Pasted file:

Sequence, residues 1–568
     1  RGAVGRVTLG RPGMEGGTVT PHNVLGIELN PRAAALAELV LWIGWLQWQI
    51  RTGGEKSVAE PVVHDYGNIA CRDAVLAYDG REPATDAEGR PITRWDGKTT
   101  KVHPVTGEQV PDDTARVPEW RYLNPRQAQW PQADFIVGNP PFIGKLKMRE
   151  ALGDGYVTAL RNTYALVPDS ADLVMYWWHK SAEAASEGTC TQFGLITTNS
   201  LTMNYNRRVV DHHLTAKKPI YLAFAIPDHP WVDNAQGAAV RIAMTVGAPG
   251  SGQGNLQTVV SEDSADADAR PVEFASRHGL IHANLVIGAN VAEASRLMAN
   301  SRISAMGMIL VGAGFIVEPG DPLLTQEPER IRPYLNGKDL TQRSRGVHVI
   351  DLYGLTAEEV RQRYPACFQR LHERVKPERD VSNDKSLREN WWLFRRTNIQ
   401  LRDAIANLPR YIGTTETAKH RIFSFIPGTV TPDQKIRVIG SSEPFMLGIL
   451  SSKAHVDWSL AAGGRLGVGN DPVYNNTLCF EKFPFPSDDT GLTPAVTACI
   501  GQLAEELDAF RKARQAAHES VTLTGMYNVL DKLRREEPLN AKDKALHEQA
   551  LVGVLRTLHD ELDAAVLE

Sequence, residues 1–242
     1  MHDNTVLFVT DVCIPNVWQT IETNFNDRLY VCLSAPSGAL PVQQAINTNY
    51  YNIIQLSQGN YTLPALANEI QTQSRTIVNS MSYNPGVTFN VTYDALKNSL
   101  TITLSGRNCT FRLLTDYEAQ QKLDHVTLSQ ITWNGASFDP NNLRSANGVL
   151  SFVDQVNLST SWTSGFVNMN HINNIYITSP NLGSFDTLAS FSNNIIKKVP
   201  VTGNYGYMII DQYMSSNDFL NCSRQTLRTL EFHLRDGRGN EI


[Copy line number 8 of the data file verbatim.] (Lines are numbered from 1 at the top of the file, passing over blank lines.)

   301  SRISAMGMIL VGAGFIVEPG DPLLTQEPER IRPYLNGKDL TQRSRGVHVI